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Do I Qualify For Disability Insurance Benefits If I Have HIV AIDS?

CaveyLaw.com > Practice Areas  > Long Term Disability & ERISA Lawyer  > Long Term Disability Disabling Conditions > Do I Qualify For Disability Insurance Benefits If I Have HIV AIDS?

More than 980,000 cases of AIDS have been reported in the United States. Each year more than 40,000 men and woman are diagnosed.

Disability insurance companies don’t always make it easy for policyholders who have HIV AIDS to get the disability benefits they deserve. There are many reasons carriers deny claims.

How Disability Carriers View HIV AIDS Disability Claims

Disability carriers often argue that the pre-existing condition clause in your policy excludes coverage, or that benefits are limited under the subjective limitation clause. Pain, fatigue and diarrhea are the most disabling symptoms, but they are subjective complaints. Carriers routinely dispute them.

It is not uncommon for policyholders to have had HIV AIDS for years and not been disabled.  You will have to overcome the carrier’s argument that you have been working with these problems for years and nothing has changed.  It is crucial that your medical records develop the progression of your symptoms.

Carriers also may argue that treatment will allow you to continue to work so you couldn’t possibly be disabled.

As a result, many disability claims for HIV AIDS are denied. And carriers have other reasons to deny claims. The disability insurance company will say:

(1) There is no objective basis of the HIV AIDS diagnosis,

(2) There is no objective basis for the restrictions and limitations assigned by your physician, or

(3) There is no causal relationship between your HIV AIDS and/or your restrictions and limitations, and your inability to do your own or any occupation.

It takes detailed planning and preparation to be successful in an HIV AIDS claim.

Nancy Cavey, who has 35 years experience handling disability cases, has successfully represented many policyholders with HIV AIDS. She overcomes a claims denial by working closely with you and your physician.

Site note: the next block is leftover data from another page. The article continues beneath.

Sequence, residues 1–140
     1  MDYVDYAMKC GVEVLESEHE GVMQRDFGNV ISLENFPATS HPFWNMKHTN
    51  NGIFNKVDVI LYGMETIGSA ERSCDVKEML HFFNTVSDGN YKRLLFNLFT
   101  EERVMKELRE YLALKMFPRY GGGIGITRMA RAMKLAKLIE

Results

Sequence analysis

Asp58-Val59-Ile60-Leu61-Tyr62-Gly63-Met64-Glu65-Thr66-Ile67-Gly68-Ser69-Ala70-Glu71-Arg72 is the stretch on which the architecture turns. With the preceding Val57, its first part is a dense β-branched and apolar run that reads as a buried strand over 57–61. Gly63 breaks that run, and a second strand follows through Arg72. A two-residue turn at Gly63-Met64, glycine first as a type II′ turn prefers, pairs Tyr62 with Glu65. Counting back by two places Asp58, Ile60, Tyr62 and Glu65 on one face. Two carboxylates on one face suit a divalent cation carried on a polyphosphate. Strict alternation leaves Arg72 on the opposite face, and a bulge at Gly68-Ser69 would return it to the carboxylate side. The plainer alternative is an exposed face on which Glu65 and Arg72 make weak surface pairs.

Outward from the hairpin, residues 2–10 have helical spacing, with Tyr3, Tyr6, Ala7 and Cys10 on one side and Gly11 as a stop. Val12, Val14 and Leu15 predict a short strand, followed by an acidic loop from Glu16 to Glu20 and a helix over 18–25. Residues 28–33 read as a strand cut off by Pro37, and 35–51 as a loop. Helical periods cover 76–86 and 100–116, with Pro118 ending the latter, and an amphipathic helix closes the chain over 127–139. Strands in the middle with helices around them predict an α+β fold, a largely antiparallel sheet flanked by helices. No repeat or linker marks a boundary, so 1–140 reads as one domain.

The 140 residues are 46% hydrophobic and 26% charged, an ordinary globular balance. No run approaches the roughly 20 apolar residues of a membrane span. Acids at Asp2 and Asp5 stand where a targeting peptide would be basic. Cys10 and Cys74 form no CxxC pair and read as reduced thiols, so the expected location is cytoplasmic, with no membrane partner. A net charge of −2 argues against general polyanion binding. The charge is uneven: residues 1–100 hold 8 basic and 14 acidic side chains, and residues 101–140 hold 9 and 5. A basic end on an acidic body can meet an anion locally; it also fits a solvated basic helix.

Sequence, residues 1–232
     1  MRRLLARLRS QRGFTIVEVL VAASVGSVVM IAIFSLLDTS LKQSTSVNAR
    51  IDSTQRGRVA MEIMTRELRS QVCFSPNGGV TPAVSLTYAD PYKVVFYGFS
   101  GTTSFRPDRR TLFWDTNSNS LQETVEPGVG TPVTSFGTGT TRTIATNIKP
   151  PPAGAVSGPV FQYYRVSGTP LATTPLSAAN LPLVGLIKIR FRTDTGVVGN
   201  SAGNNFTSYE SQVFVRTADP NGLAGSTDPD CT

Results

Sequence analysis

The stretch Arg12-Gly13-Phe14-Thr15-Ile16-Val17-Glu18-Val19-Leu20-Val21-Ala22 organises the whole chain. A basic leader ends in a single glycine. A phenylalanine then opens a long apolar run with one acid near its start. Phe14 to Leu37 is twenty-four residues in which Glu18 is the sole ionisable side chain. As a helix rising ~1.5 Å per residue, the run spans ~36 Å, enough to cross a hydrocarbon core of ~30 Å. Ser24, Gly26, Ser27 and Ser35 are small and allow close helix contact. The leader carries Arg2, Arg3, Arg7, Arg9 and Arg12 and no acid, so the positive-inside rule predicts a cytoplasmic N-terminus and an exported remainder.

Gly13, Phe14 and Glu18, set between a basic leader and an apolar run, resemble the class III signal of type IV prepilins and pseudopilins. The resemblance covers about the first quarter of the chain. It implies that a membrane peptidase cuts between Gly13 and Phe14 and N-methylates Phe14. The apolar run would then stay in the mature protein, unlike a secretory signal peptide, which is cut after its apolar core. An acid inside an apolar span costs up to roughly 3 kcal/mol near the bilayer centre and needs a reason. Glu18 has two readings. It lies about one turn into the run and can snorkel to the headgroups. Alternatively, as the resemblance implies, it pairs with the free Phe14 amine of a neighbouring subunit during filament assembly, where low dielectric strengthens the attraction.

She often employs a vocational expert to address the disability carrier’s argument that you have been able to work for years, or that there is no vocational reason you can’t work in your own or any occupation, despite your inability to come to work each day.

She offers a free initial consultation and welcomes the opportunity to speak with you about your disability claim.

HIV/AIDS and Disability

HIV, or human immunodeficiency virus, attacks the immune system and causes the person to become sick with infections their body normally would fight off.  AIDS, or acquired immune deficiency syndrome, is the most advanced stage of the HIV disease.

The first stage of HIV can include swollen glands in the throat, armpit, or groin with slight fever, headaches, fatigue and muscle aches that last several weeks. There are usually no symptoms for an average of 10 years.

If HIV develops into AIDS, the symptoms can include:

  1. Thrush,
  2. Recurring vaginal yeast infections and chronic pelvic inflammatory disease,
  3. Severe and frequent infections,
  4. Extreme tiredness with headache, light-headedness, and dizziness,
  5. Rapid weight loss,
  6. Bruising,
  7. Frequent diarrhea,
  8. Frequent fevers and night sweats,
  9. Swelling and hardening of throat, armpit and groin glands,
  10. Deep and dry cough,
  11. Shortness of breath,
  12. Growths on skin or in the mouth,
  13. Unexplained bleeding,
  14. Skin rashes,
  15. Severe numbness and/or pain in the hands or feet,
  16. Loss of muscle control, strength and reflex, and
  17. Confusion, personality changes and changes in cognition.